May 8, 2012
NIH awards $8.1 million for new drugs against Ebola, plague, Marburg
The National Institutes of Health has awarded the University of Washington (UW), the University of Texas, and Seattle-based Kineta Inc. an $8.1 million biodefense grant to develop new drugs to treat Ebola, plague, Marburg, yellow fever, and other diseases, according to a Kineta news release today. The funds will help Kineta move two small-molecule drug candidates closer to clinical trials. Its program, Agonists of the Retinoic Acid Inducible Gene I (RIG-I) Innate Immune Pathway, focuses on such high-impact viruses as influenza, hepatitis C, West Nile, and respiratory syncytial virus. RIG-I is a molecular "on/off" switch that triggers the body's innate immune system, the company said in the release. The grant will increase the number of disease targets to include less common henipaviruses and filoviruses, such as yellow fever, Ebola, Marburg, Japanese encephalitis, and plague. "These diseases are major concerns of the United States government for their risk of sparking a pandemic and their potential use as bioterrorist weapons. By utilizing an innate immune pathway we hope to develop better drugs that won't be outsmarted by viral mutation," UW professor Michael Gale, Jr., PhD, principal investigator of the grant, said in the news release.
May 8 Kineta news release
Controversy over beef product forces closing of three plants
South Dakota–based Beef Products Inc. (BPI) will permanently close three of its four plants that make "lean finely textured beef" (LFTB) because of attacks on the product, which critics call "pink slime," the Associated Press (AP) reported yesterday. BPI had suspended operations at the three plants, located in Amarillo, Tex., Garden City, Kan., and Waterloo, Iowa, when the controversy peaked in March. The closures will mean the loss of 650 jobs. A BPI plant in South Sioux City, Neb., will keep operating but at a lower rate. BPI blamed the closures on what it said were unfounded attacks on its product, which consists of beef trimmings that are heated slightly, centrifuged to remove liquefied fat, and treated with ammonia to kill bacteria. LFTB has been used for years in ground beef, including in the US Department of Agriculture's (USDA's) school lunch program, but was not listed on labels. No foodborne disease outbreaks have been linked to it, but recent consumer opposition caused some grocery and restaurant chains to drop it and prompted the USDA to allow schools to opt out of using it. The company had hoped to recover from the setback but has concluded that doing so would be impossible in the near term, BPI spokesman Rich Jochum told the AP. Marion Nestle, a nutrition and food studies professor at New York University, told the AP that BPI misinterpreted consumers' concern about LFTB as being focused on safety rather than on not knowing what was in their food.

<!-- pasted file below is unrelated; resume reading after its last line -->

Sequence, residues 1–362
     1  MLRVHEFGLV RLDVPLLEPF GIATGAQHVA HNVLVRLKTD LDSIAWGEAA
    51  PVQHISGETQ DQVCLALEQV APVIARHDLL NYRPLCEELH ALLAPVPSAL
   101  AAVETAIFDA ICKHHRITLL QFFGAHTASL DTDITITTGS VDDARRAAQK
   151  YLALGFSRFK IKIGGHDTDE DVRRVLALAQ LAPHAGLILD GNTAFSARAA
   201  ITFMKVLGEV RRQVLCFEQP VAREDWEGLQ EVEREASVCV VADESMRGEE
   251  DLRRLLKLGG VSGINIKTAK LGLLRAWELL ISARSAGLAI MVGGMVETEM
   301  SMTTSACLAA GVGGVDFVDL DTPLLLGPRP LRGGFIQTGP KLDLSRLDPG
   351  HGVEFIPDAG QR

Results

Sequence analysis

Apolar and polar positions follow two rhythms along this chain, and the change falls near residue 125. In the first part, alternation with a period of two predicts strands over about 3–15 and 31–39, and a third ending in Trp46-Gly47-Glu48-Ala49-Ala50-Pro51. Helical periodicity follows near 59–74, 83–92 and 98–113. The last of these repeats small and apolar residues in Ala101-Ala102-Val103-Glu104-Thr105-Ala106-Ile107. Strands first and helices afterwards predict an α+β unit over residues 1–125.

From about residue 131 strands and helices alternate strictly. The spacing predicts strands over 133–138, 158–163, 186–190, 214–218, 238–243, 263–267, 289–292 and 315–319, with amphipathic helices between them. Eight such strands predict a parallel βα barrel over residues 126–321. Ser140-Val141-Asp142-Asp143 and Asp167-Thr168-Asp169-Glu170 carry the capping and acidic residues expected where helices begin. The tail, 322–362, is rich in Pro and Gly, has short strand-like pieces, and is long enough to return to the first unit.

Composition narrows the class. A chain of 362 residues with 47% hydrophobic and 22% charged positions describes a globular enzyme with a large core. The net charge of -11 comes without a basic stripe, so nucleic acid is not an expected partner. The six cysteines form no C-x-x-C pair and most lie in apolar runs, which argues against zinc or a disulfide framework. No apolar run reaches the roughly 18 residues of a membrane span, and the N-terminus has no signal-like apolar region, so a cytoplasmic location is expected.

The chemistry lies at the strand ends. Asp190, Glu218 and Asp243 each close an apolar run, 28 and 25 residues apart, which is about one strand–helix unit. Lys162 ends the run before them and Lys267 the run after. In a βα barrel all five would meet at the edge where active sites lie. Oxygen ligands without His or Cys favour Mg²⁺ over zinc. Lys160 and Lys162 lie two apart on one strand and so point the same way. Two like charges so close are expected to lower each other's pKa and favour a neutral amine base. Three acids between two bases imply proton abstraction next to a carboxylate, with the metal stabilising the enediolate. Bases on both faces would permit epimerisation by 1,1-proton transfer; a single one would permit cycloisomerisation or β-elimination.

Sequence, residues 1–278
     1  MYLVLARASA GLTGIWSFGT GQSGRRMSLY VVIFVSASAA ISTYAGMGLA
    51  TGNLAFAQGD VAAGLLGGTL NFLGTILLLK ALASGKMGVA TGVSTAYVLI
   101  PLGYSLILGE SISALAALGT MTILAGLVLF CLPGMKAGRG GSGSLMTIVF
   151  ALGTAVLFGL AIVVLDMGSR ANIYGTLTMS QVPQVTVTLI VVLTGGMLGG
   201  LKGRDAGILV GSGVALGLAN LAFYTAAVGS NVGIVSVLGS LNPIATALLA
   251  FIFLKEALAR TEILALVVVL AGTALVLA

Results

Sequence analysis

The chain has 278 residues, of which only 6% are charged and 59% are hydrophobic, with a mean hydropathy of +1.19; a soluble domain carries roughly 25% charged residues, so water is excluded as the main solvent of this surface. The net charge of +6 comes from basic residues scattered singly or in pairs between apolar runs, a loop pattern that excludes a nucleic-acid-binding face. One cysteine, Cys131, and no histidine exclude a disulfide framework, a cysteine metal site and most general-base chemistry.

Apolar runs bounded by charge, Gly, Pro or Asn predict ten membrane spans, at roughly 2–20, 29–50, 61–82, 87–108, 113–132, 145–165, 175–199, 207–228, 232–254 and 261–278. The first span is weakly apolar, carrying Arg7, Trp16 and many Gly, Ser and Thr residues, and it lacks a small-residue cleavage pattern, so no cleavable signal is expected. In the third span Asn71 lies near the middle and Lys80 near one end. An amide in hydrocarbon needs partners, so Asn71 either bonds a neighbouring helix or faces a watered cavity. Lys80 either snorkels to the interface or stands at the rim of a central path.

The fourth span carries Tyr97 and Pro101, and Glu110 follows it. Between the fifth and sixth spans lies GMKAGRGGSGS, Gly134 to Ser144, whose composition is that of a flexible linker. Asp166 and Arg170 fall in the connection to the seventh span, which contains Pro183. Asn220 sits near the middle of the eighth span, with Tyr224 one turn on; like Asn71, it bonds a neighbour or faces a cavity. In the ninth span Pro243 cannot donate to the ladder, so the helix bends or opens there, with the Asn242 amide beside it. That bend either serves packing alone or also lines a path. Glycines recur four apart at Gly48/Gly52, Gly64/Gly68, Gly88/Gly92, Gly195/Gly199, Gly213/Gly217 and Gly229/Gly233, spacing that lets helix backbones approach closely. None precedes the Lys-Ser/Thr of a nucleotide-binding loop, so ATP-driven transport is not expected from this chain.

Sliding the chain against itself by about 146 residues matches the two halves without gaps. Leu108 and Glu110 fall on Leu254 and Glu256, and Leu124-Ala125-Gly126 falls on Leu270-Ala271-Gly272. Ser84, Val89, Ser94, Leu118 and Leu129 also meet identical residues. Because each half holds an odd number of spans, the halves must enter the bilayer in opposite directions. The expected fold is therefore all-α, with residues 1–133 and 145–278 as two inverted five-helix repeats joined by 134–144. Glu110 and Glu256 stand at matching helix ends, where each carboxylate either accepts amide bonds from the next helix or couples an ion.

Measles activity off to a slower start in Europe
Measles activity in European countries is lower so far this year compared this point in the 2010 and 2011 seasons, the European Centre for Disease Prevention and Control (ECDC) said today in its latest update, which covers the first 2 months of the year. Through the end of February, countries reported 1,447 cases, compared with 5,731 during the first 2 months of 2011 and 5,752 during the same period of 2010. Fewer outbreaks have been reported in most countries, except for the United Kingdom, Romania, and Spain. Among several ongoing UK outbreaks, one in Merseyside is the largest in northwestern England since the measles, mumps, and rubella vaccine was introduced in 1988. Another hot spot is the Ukraine, which has reported 8,082 cases in six districts as of Apr 24. The ECDC said Romania was the only country to exceed 1 case per 100,000 population during the reporting period. Twelve countries reported no measles cases in January and February. Of 1,315 patients with known vaccination status, 83% were unvaccinated, and 75% of the vaccinated group had received only one dose of the measles vaccine.
May 8 ECDC statement